Malcolm's punch-like response is 'Nothing' (Lee, 1992). Yet, instead of leaving us with this visceral image, Lee shows us the hurt on the girl's face as the final image. It is a harbinger that in future Malcolm will feel differently and will have an answer for her.
Such a shift occurred in society toward African Americans by the time of Denzel Washington and his film Antwone Fisher. As the film begins, Fisher is originally violent and hostile, similar to the behaviors of Malcolm X in many ways. However, such expressions of black masculinity are no longer acceptable and only undermine black development and expression. These self-destructive expressions of masculinity change once Antwone realizes this. Still, Antwone cannot cope with anger or stress. When he is confronted with them he resorts to violent outbursts and fistfights. Ordered to see a navy psychiatrist due to this problem of coping, Antwone tells him he fights because that's the only way some people learn. Dr. Davenport tells him, 'But you pay the price for teaching them' (Washington, 2002).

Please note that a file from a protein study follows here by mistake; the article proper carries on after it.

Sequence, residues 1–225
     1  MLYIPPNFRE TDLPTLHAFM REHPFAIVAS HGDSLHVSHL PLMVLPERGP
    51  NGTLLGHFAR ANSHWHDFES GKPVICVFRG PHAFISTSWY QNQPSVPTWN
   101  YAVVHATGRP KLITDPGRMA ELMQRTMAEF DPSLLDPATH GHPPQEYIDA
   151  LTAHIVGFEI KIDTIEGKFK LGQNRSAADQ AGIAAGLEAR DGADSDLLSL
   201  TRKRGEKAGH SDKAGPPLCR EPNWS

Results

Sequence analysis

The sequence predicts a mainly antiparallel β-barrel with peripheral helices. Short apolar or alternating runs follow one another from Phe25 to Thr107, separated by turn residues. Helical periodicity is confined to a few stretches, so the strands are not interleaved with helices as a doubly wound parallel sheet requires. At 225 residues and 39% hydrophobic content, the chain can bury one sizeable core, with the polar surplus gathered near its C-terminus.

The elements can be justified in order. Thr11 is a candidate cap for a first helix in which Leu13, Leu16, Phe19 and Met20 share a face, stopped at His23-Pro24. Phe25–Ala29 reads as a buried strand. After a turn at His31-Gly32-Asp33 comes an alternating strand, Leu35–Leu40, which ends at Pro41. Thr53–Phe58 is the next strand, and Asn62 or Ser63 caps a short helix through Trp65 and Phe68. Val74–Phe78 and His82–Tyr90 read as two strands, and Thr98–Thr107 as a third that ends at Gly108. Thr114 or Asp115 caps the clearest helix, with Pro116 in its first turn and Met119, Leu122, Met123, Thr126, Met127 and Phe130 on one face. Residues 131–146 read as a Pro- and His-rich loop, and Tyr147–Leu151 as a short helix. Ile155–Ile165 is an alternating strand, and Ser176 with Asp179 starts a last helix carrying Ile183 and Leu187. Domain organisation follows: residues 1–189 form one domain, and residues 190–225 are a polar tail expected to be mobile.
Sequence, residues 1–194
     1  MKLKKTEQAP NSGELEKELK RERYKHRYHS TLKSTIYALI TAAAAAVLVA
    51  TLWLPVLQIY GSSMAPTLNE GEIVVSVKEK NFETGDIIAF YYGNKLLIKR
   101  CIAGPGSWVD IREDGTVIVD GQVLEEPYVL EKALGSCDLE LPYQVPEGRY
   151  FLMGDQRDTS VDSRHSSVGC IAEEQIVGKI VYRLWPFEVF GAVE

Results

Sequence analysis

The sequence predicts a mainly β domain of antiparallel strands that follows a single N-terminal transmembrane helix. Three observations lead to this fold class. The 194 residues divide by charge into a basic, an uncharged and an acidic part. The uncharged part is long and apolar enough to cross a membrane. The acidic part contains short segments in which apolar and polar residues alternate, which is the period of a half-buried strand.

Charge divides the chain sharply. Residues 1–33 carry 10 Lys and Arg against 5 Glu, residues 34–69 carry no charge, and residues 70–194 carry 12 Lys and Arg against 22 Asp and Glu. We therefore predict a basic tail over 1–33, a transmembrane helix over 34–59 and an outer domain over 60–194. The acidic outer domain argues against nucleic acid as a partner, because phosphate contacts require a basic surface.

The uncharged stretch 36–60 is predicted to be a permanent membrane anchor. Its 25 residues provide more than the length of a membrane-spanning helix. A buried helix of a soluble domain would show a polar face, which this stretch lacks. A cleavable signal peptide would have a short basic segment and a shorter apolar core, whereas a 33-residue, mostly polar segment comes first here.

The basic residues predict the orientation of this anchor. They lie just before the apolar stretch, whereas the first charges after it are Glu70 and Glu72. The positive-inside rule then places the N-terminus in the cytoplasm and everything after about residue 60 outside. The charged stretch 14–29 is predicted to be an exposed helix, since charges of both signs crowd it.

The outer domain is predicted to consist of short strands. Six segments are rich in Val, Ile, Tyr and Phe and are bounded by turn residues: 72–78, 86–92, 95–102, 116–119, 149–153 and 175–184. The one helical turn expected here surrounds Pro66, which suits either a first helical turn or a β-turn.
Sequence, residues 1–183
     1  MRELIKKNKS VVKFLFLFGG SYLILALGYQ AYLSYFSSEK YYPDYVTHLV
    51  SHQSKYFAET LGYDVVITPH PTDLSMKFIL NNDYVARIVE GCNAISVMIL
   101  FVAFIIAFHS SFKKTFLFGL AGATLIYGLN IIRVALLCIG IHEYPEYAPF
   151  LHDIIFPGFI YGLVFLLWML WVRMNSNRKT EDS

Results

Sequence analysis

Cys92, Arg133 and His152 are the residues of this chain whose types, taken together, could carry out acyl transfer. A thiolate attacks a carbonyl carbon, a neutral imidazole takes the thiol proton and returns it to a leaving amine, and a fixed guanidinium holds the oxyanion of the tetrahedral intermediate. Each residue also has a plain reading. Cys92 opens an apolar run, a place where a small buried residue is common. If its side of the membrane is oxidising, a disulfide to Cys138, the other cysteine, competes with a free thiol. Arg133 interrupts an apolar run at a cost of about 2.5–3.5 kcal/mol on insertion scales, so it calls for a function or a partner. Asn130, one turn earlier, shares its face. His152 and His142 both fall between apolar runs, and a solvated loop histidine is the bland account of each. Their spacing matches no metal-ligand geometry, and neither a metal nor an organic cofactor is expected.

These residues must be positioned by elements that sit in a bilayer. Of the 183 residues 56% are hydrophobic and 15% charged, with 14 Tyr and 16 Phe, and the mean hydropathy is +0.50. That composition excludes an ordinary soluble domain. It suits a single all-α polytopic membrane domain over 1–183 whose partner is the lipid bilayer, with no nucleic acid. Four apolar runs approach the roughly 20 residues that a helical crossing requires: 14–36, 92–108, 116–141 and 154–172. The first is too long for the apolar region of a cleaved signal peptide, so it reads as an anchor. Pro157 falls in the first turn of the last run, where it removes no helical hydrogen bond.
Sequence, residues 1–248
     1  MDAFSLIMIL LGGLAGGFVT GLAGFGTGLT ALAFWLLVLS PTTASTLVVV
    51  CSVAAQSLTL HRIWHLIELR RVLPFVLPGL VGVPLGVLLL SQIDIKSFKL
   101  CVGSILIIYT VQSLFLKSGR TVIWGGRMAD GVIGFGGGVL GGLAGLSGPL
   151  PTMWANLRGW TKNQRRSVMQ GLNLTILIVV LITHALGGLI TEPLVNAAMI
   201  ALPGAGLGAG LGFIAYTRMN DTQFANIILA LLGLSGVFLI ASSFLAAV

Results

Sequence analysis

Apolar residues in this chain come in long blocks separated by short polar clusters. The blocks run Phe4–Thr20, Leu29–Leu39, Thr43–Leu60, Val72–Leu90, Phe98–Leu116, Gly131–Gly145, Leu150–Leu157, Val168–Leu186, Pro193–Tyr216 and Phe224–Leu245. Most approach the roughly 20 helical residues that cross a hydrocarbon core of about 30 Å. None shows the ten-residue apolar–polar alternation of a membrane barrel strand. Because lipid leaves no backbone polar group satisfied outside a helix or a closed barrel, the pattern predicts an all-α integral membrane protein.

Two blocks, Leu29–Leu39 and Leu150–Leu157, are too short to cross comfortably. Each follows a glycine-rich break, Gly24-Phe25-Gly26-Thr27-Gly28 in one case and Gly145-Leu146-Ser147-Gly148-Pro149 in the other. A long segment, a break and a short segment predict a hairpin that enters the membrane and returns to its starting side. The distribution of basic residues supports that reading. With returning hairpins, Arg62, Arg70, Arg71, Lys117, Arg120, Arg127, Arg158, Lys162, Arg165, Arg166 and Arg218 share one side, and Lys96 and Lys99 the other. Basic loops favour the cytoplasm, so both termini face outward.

Antwone had a variety of risk factors in his life, including abandonment by his mother, the death of his father, and the death of his closest friend who resorted to crime. Antwone also suffered from an abusive culture in a foster home. However, despite all these risk factors that put him more at risk for developing developmental issues, Antwone eventually gravitated to more protective factors that helped him develop resiliency. One of these factors was joining the Navy, which gave him a culture of discipline and reliability as well as opening up opportunities for him to express masculinity in non-destructive ways. Further, in the person of Dr. Davenport, Antwone comes to understand what unconditional positive regard and support means, as well as their value. As Werner maintains about children who were able to overcome risk